For years, James Merriman and Victor Blasco were like a pair of passing ships—now, at last, they’ve landed in the same place.
Both have joined Pacific FC, where Merriman is assistant coach and Blasco was recently announced as one of the club’s inaugural signings. And even though this is the first time they’ll officially work together, Merriman has already been an integral part of the Spanish-born attacker’s west-coast soccer adventure.
Blasco grew up training at La Masia, Barcelona’s renowned youth academy, before playing in the youth systems of Cornella and Mallorca. But as he hit his late teenage years, the economy collapsed in Spain and other European countries, leading to changes in plans and priorities for countless people across the continent.
Merriman first became aware of Blasco in 2013, when he was assistant coach at Simon Fraser University under Alan Koch. Both Merriman and Koch were impressed with the youngster’s technical abilities, and worked to bring him out to B.C.
“I found out his parents really wanted him to pursue the academic route because of the economy in Spain; that’s why he was throwing his name out there,” Merriman told CanPL.ca. “We did everything we could to get him to come to SFU.”
But there was a problem — his TOEFL score (a test of English-language proficiency) wasn’t good enough for admission to SFU. So Merriman decided it was time to “get creative”: he connected Blasco with his father Bill Merriman, head coach at Vancouver Island University, with the idea that Blasco could work on his English and keep playing in Nanaimo before eventually heading to SFU.
Blasco excelled at VIU, scoring 12 goals in 13 appearances and being named PacWest Player of the Year for the 2014-15 season. While that was happening, both Merriman and Koch moved to new positions with the Vancouver Whitecaps: Merriman as head coach of the under-15 Residency team, and Koch as head coach of Whitecaps 2 in the USL.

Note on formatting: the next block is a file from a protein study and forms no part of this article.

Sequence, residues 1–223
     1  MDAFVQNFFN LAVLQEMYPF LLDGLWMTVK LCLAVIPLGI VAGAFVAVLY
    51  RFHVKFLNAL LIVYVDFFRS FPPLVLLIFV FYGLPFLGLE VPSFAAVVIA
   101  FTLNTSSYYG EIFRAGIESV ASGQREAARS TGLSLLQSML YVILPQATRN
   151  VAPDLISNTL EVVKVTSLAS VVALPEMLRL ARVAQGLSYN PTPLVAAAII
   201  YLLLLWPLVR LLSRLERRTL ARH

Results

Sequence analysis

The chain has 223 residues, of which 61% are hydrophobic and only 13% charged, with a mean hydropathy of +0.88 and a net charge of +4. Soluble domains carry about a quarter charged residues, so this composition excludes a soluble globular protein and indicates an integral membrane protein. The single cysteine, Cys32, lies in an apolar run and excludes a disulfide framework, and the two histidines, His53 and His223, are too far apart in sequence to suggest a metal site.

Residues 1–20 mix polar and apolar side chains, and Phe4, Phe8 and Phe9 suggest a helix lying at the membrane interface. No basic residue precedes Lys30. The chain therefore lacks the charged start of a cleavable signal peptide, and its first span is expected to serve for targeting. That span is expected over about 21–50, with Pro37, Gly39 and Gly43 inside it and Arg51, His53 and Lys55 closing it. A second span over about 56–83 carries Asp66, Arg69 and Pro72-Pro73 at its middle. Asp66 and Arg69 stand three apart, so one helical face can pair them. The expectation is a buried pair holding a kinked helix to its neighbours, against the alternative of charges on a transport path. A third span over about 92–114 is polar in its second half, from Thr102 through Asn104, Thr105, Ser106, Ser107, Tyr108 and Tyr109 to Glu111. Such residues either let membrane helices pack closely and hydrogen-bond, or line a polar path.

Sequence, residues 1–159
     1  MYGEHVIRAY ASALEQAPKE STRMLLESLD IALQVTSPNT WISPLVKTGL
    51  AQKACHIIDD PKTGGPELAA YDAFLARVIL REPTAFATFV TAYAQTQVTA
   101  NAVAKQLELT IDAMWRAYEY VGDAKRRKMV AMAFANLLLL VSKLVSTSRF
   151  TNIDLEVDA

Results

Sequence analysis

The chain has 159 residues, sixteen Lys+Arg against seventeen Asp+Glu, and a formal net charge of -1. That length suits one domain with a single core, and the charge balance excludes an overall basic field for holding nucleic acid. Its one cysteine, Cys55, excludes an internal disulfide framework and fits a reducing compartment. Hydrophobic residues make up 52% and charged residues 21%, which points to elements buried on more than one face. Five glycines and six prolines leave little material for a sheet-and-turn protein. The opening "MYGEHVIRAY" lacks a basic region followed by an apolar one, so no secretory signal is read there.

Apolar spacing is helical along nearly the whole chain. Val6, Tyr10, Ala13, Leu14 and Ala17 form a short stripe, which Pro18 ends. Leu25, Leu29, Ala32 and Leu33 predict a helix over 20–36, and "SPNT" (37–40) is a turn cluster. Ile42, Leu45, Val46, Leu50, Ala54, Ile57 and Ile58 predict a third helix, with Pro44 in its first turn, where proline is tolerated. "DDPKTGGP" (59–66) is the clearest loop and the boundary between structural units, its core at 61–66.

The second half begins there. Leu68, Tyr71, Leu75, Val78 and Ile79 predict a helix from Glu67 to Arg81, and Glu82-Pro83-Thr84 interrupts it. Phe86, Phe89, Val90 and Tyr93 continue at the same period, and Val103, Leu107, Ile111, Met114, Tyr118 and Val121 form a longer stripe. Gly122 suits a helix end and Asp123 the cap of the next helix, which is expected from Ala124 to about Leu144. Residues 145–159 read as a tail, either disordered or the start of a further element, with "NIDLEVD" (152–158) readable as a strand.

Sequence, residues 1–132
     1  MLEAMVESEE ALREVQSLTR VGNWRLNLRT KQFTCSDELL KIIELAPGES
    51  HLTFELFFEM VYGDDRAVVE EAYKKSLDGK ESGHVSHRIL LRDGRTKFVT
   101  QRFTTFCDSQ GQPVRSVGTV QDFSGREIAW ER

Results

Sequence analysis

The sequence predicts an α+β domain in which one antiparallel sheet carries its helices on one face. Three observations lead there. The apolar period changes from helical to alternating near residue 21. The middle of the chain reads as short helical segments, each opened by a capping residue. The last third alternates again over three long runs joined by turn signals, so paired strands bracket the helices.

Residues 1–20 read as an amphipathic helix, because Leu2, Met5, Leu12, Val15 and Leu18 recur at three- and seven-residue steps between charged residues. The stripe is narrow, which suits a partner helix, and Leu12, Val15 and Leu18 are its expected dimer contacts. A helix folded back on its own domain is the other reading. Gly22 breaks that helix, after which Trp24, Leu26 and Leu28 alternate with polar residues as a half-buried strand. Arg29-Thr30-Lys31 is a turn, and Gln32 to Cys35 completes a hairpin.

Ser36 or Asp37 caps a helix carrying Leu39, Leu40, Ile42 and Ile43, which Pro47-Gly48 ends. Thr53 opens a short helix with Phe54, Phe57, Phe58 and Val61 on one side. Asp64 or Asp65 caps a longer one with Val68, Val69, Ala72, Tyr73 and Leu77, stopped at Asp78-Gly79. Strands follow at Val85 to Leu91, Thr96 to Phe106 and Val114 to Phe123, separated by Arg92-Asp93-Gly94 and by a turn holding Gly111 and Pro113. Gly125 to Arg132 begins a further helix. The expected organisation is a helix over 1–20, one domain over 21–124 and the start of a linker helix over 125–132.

That gave them a new chance to reunite with Blasco—albeit, in a different situation than they’d originally envisioned. And once again, at Whitecaps 2, Blasco opened some eyes with his on-field play.
“He’s a very dynamic wide forward that loves to be in 1-v-1 situations,” said Merriman. “He can be a very clinical finisher as well.”
Though Blasco was “knocking on the door” of the Whitecaps’ first team, according to Merriman, he was released from the club for undisclosed reasons in 2016. He decided to head back to VIU, where he played for two more seasons under Merriman’s father—he even lived with Merriman’s parents for a year and a half during his time in Nanaimo.
Then, last August, when Merriman was named the first-ever assistant coach of Pacific FC, his thoughts turned to Blasco.
“I was curious about what Victor wanted to do,” said Merriman. “Was he going to continue to study in school or did he want to see what he could do in football and really go after being a professional again?”
Merriman reached out to Blasco and liked what he heard, prompting another meeting with PFC head coach Michael Silberbauer at the CPL-U SPORTS Draft in November. Blasco was formally unveiled as a Pacific FC player earlier this month.
“We know he has the talent and the potential, but I think he needed another opportunity,” said Merriman. “I really don’t think we’ve been able to see him at his best yet; I don’t think anybody has.”
Perhaps no one has a better idea than Merriman of just what heights Blasco could reach if given a consistent platform. But fans of Pacific FC and the entire Canadian Premier League will get a chance to find out in just a few short months.
“I’m motivated to see if I can help in getting him there,” said Merriman. “I’m excited to see what he can do.”